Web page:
39 drones checking for road violations in Spain

by Deborah Cater
Drones in operation this summer to capture road violations. Image of drone in the air

The Spanish Traffic Service DGT has been using drones since 2019 to monitor and detect road violations. Where are these drones? And which radars hand out the most fines in Spain?

Drones are used by DGT to detect road violations, such as reckless driving, and control traffic, especially in high-risk areas and on roads used by vulnerable users, such as pedestrians, cyclists or motorcyclists.

That is why the DGT will have 39 surveillance drones from 7 July. That is 28 more than in 2020. 95 staff members are specially trained on drone operations. 35 will operate the drones while the other 60 manage the cameras installed in the drones. This concerns both DGT employees and traffic officers.

Operation and features of the DGT drones

The accredited pilot to handle flight checks is responsible for putting the drone into service. It is then the operator who controls and manages the camera placed in it. Any offense committed will provide a framework with evidence of this.

The road violations detected by the drones can be reported by an agent of the traffic police of the Guardia Civil at the time of the violation itself. Alternatively, the violation  or after subsequent processing of the violation by the competent authorities.

How are the drones distributed?

The 39 drones are all over Spain. Only the autonomous regions of the Basque Country and Catalonia have their own traffic police and enforcement. Each existing helicopter patrol in A Coruña, Zaragoza, Valladolid, Seville, Malaga and Valencia will be given two drones to monitor traffic for road violations. The central base in Madrid will receive 15 drones and together with Castilla la Mancha they will provide reinforcements in the rest of the country if necessary.

Where are the DGT drones in Spain?

There will be 2 drones per area in Asturias, Cantabria and Extremadura and 3 in the Balearic and Canary Islands. Each drone can operate at an altitude of 120 meters, reach a speed of 80 kilometres per hour and withstand temperatures of 20 to 45 degrees. The autonomy is a maximum of 40 minutes. After that, the battery is replaced and the flight resumes immediately.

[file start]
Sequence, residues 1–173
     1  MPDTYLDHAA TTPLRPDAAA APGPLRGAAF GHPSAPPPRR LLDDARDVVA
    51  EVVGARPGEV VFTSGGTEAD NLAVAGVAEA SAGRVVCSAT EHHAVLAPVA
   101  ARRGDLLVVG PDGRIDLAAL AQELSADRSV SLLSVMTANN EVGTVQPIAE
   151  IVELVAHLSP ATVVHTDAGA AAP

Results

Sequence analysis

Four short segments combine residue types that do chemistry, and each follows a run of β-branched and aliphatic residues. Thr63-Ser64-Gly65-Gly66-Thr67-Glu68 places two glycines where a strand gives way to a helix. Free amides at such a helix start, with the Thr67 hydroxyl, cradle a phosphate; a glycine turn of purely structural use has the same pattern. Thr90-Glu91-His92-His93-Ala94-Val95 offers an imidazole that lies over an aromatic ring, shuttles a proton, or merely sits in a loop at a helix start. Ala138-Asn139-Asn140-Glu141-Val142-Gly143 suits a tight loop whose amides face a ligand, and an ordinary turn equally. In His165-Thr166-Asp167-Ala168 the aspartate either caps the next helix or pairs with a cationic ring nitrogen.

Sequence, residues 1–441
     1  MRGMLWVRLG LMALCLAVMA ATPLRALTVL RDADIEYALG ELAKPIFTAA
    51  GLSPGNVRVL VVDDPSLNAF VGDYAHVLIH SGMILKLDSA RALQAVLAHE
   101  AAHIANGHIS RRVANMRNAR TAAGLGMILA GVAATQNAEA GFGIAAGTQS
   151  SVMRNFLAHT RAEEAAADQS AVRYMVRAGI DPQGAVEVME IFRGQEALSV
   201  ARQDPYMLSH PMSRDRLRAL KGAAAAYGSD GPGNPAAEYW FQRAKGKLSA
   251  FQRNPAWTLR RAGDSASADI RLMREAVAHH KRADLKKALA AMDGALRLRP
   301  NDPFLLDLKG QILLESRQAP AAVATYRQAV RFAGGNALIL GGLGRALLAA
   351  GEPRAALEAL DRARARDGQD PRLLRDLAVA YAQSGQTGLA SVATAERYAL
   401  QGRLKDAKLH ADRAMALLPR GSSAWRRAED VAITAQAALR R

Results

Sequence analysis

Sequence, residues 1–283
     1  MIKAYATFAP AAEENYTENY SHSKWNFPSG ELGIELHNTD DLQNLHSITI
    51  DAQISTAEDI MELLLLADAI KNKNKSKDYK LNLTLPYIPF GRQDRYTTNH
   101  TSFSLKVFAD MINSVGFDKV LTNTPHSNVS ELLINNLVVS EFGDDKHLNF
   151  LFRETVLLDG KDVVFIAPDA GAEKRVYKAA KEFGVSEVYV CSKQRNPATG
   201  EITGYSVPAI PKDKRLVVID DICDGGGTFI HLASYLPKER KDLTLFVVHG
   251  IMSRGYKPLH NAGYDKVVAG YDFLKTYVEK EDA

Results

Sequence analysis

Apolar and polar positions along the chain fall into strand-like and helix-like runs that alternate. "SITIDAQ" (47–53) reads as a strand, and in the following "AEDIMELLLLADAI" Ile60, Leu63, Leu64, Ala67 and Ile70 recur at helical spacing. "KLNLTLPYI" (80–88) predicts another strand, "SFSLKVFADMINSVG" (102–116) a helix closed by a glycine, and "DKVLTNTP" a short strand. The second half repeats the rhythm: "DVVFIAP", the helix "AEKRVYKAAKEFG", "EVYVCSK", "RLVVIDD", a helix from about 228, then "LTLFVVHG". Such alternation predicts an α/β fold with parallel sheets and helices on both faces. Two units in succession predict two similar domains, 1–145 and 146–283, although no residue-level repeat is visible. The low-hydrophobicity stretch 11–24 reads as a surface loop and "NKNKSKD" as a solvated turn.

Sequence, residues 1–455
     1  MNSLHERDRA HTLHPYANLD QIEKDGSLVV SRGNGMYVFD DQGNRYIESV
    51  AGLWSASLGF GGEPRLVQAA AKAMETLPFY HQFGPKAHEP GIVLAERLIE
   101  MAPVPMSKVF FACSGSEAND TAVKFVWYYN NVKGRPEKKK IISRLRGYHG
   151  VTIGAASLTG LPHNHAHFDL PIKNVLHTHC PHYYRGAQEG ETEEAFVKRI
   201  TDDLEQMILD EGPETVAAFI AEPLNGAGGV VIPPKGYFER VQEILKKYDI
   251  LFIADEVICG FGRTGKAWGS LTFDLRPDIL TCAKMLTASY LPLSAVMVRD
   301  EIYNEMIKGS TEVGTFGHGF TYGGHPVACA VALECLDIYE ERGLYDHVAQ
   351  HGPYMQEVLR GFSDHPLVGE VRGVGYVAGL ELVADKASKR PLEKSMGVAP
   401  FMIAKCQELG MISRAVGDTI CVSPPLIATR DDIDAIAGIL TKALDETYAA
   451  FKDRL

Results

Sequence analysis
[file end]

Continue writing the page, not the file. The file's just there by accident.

What about radars?

The Traffic Service published the following list of the 50 fixed radars that imposed the most fines in 2020.

More than 30,000 fines

Andalucia, Málaga, A-7 km. 246: 48,771 fines

Region of Valencia, Valencia, AP-7 km. 478: 47.711

Region of Madrid, Madrid, A-4 km. 13: 37.316

Andalucia, Málaga, A-7 km. 256: 34,317

Andalucia, Seville, SE-30 km. 10: 33.163

Region of Murcia, Murcia, RM-19 km. 17: 30.617

Region of Valencia, Valencia, V-31 km. 5: 30.107

More than 20,000 fines

Castilla-La Mancha, Cuenca, A-3 km. 156: 29,302

Region of Madrid, Madrid, AP-6 km. 49: 27,820

Region of Madrid, Madrid, M-40 km. 52: 26,442

Region of Madrid, Madrid, A-4 km. 12: 26.016

Region of Madrid, A-5 km. 12:25.996

Andalucia, Granada, A-92 km. 256: 25.082

Andalucia, Seville, A-92 km. 83: 23.180

More than 10,000 fines

Andalucia, Málaga, MA-20 km. 10:19.645

Galicia, A Coruna, AC-11 km. 3: 19,326

Region of Valencia, Castellon, N-340 km. 960: 18,960

Balearic Islands, MA-1 km. 15: 16.892

Region of Madrid, Madrid, A-2 km. 15: 16,446

Castilla y Leon, Salamanca, A-66 km. 340: 15,927

Region of Valencia, Valencia, A-7 km. 337: 15,781

Andalucia, Seville, A-92 km. 29: 15,775

JammFM Radio

Region Navara, Navarre, A-15 km. 127: 15,731

Region of Valencia, Alicante, N-332 km. 140: 14.581

Castilla-La Mancha, Ciudad Real, A-4 km. 135: 14,512

Aragon, Huesca, N-240 km. 202: 14.402

Galicia, Lugo, A-8 km. 545: 14.289

Balearic Islands, EI-600 km. 9: 14.271

Canary Islands, Las Palmas, GC-1 km. 5:14.145

Galicia, Pontevedra, A-55 km. 9:14.023

Andalucia, Seville, A-49 km. 0: 13.777

Region of Valencia, Alicante, A-70 km. 2: 13.731

Galicia, Pontevedra, A-55 km. 11: 13.329

La Rioja, La Rioja, AP-68 km. 78: 13.134

Castilla y Leon, Segovia, A-1 km. 125: 13,030

Andalucia, Málaga, A-45 km. 128: 12.856

Cantabria, Cantabria, A-8 km. 144: 12,769

Canary Islands, Santa Cruz de Tenerife, TF-1 km 59 12.541

Castilla y Leon, Burgos A-1 km. 234: 12.334

Castilla-La Mancha, Ciudad Real, A-4 km. 230: 12.328

Region of Valencia, Castellon, AP-7 km. 390: 12,074

Andalucia, Málaga, A-384 km. 89: 11,765

Andalucia, Cadiz, A-381 km. 37: 11,291

Galicia, Pontevedra, A-52 km. 282: 11,100

Castilla y Leon, Zamora, A-52 km. 99, 10,958

Region of Madrid, Madrid, A-42 km. 13: 10,780

Region of Murcia, Murcia, RM-15 km.13: 10.758

Castilla y Leon, Burgos A-1 km. 194: 10.703

Andalucia, Granada, A-44 km. 132: 10.701

Castilla-La Mancha, Toledo A-42 km. 71: 10.556

Google Maps and the free turn-by-turn GPS navigation application Waze are not only useful for finding your way, but also warn you where there is a mobile radar or police control. To see the location of the DGT fixed radars on Google Maps, enter the route in the navigator and look at some orange symbols in the shape of a globe (fixed radars) and blue (mobile radar images). On Waze, a camera or a symbol of a police officer will appear on the route as a warning for a fixed or mobile check.

Of course, the best way to avoid fines is to abide by the speed limits and stay safe on the roads.

You may also like